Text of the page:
• Redemption Equals Death: In general, once a character has reached advanced corruption levels from powers checks, only a Heroic Sacrifice is enough to redeem them.
  • Red Right Hand: Those who fail Powers checks and get the attention of the Dark Powers usually end up physically deformed in some way that reflects on the nature of their evil deeds (a thuggish violent character becomes large and brutish-looking, etc). Also, the Vistani like to do this to people who annoy them, such as turning a thief's hands black.
  • Reincarnation Romance: This is what Strahd thinks is happening, but it's completely one-sided. The Dark Powers perpetually reincarnate Tatyana, Strahd's obsession, and Strahd is under the impression that this time, he can make her love him. Due to his curse, it never works - she always rejects him and ends up dead, either by his hand or some other method, and the process starts anew. In 5e, there's even a series of tables of potential incarnations and motivations for Tatyana that Dungeon Masters are encouraged to mess around with - whether she's a simple peasant girl, an accomplished vampire hunter, a man, actually multiple people, or even a flesh golem, Strahd will have her.
  • Religion of Evil: The setting has quite a few of them, evil cults and dark religions being quite a natural aspect of gothicism, but the most notable one is the Church of the Lawgiver, which is the state religion of both Nova Vaasa (which is generally regarded as a self-centered backwater, even in Ravenloft) and Hazlan (where the Mulan desperately cling to it as a further way to control the Rashemani who they persist in treating as subhuman chattel despite the slaves outnumbering the masters by about nine to one). Being that the Church of the Lawgiver is basically the worship of Bane, Faerunian God of Tyranny, with the serial numbers filed off, it's not surprising that its membership is comprised solely of Lawful Evil and Lawful Neutral types — its dogma revolves around preaching that Status Quo Is God, those who are socially inferior must obey, and rebellion against one's superiors in even the slightest way warrants eternal damnation in the Hell of Slaves.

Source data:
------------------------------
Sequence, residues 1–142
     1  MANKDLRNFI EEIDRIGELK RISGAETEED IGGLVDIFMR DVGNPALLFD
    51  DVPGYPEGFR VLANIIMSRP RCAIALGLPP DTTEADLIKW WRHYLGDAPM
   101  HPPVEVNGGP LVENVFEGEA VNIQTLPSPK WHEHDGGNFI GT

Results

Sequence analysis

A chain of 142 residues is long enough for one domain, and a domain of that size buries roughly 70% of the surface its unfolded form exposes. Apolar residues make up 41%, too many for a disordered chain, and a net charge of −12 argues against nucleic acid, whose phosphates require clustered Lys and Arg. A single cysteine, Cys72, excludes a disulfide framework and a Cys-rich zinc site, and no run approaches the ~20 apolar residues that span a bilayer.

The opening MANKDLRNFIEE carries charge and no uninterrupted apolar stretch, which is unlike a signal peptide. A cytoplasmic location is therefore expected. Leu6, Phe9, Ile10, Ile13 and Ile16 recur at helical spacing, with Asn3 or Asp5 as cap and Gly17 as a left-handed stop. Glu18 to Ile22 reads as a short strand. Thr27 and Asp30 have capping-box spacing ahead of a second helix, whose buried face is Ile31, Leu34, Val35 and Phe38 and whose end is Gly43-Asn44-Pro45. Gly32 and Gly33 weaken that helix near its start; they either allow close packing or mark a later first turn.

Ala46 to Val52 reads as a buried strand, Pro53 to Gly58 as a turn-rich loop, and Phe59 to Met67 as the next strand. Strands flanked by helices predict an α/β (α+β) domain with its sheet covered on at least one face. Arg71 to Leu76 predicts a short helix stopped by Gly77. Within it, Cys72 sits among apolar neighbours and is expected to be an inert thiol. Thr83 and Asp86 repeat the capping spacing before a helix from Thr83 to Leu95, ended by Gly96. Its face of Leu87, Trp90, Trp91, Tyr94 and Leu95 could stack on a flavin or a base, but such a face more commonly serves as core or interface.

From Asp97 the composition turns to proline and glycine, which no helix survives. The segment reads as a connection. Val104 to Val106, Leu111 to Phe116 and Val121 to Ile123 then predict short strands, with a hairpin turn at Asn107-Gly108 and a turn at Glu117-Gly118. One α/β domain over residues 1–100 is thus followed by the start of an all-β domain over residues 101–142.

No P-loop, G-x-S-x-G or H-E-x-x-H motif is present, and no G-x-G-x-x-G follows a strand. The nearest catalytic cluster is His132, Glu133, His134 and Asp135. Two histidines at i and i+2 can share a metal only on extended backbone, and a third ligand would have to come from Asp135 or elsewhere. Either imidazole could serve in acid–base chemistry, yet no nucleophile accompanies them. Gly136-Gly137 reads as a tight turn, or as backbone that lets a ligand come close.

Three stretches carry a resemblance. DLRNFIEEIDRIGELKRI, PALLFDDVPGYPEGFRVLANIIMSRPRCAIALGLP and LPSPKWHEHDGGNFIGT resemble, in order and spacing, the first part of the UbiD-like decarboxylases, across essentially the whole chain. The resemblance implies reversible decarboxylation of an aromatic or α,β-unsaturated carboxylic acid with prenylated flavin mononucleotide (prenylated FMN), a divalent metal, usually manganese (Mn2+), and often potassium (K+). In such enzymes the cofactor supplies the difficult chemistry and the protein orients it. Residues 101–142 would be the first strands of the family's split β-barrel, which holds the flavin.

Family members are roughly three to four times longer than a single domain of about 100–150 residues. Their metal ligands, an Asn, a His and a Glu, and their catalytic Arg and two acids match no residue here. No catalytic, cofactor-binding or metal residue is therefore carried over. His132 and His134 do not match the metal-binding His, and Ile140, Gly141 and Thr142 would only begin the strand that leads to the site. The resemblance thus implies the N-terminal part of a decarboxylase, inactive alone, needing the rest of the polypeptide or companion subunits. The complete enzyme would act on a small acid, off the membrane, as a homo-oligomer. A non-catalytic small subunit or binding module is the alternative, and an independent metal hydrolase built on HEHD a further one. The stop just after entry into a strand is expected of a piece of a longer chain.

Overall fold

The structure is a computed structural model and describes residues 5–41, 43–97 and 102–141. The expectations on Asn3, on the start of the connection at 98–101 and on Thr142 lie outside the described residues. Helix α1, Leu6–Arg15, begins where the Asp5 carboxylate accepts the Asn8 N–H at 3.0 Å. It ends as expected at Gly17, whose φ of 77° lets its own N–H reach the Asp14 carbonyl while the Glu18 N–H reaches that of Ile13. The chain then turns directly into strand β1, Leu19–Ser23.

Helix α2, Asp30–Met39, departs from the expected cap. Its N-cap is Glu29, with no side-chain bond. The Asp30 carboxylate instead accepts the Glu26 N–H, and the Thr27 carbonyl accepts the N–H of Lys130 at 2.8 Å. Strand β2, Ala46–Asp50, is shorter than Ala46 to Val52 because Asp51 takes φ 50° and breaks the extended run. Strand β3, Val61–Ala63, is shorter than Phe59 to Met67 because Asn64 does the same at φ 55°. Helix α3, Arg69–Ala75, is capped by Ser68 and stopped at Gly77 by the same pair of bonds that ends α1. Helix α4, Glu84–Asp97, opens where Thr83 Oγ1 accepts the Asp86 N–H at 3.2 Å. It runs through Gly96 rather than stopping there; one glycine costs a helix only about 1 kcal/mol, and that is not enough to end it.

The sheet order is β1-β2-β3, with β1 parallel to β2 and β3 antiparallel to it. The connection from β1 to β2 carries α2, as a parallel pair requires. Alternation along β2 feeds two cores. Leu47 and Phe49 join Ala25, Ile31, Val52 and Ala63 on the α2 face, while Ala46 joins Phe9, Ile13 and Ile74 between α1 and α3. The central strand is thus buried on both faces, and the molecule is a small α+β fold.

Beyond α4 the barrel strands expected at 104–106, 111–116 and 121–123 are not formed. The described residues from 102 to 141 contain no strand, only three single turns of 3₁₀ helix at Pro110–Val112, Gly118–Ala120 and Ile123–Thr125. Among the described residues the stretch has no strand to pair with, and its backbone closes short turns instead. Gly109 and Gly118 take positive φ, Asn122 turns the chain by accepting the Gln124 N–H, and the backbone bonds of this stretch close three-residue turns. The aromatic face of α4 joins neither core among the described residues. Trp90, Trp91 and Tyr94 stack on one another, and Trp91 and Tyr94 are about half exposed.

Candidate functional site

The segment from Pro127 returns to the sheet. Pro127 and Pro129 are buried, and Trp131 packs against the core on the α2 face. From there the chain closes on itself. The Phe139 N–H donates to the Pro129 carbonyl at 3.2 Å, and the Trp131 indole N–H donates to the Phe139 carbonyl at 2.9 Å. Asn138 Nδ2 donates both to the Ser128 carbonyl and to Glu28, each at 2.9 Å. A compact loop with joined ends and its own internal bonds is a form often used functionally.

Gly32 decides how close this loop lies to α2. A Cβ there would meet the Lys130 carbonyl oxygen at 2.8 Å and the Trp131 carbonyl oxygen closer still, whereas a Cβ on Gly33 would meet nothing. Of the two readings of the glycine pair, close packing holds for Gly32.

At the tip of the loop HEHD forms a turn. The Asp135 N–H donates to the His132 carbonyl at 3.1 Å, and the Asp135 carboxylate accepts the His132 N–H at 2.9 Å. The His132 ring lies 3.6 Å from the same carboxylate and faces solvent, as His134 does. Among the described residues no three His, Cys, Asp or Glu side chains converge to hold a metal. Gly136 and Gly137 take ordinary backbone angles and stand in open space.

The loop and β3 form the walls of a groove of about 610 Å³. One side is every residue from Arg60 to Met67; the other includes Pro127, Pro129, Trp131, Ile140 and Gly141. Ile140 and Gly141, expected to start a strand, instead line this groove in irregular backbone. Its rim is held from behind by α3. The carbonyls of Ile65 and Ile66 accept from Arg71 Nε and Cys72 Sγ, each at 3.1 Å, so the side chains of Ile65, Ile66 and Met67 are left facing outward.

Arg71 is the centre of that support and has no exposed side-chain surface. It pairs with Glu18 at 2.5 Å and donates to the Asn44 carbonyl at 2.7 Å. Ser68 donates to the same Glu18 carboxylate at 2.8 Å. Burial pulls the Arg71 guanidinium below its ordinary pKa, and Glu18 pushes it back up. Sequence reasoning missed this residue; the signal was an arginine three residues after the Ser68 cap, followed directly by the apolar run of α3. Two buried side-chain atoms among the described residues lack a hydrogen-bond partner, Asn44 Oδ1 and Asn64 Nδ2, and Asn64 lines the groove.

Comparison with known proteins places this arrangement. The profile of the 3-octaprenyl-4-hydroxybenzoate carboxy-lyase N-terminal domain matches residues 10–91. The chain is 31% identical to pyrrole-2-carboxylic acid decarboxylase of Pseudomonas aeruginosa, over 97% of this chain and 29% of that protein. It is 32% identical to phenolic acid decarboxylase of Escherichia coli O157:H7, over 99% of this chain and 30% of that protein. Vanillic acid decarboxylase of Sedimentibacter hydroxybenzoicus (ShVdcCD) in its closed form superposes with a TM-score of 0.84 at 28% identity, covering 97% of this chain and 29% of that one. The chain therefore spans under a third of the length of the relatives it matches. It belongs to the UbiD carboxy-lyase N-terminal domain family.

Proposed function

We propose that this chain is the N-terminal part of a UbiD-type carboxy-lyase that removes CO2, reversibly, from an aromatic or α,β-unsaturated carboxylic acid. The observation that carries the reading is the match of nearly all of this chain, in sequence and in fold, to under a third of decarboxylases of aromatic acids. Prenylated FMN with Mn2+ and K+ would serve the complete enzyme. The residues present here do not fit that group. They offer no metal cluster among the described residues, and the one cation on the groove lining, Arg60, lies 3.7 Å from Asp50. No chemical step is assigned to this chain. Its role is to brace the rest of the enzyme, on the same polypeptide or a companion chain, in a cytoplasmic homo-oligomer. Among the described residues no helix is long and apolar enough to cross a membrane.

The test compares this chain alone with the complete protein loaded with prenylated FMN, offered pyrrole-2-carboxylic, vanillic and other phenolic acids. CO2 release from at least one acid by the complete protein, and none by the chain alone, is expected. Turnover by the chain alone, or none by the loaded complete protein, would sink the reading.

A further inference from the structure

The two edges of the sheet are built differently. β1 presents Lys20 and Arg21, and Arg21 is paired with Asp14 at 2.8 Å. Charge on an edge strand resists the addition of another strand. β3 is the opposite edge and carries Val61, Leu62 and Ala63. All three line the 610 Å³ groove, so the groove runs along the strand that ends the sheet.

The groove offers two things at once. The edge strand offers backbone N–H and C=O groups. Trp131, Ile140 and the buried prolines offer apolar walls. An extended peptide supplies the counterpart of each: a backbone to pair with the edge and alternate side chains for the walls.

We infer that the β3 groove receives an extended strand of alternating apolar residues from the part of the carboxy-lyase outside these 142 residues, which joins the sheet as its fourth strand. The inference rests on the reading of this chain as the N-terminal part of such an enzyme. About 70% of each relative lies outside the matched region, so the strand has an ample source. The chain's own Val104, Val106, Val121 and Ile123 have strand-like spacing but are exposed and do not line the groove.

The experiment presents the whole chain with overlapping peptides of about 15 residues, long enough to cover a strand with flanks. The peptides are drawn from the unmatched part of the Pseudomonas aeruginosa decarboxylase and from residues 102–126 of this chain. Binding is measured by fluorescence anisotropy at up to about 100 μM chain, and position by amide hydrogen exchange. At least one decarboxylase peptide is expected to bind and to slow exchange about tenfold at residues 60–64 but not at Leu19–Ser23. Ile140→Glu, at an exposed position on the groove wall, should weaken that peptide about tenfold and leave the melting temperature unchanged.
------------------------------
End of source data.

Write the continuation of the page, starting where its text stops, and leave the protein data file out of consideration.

• Religious Horror: Several domains use this as a theme.
    • G'henna is a theocratic dictatorship ruled over by a mad prophet who demands that all surplus food be sacrificed to a deity that does not exist, leading to a fanatical populace that is constantly suffering and starving, hoping for a salvation that will never come.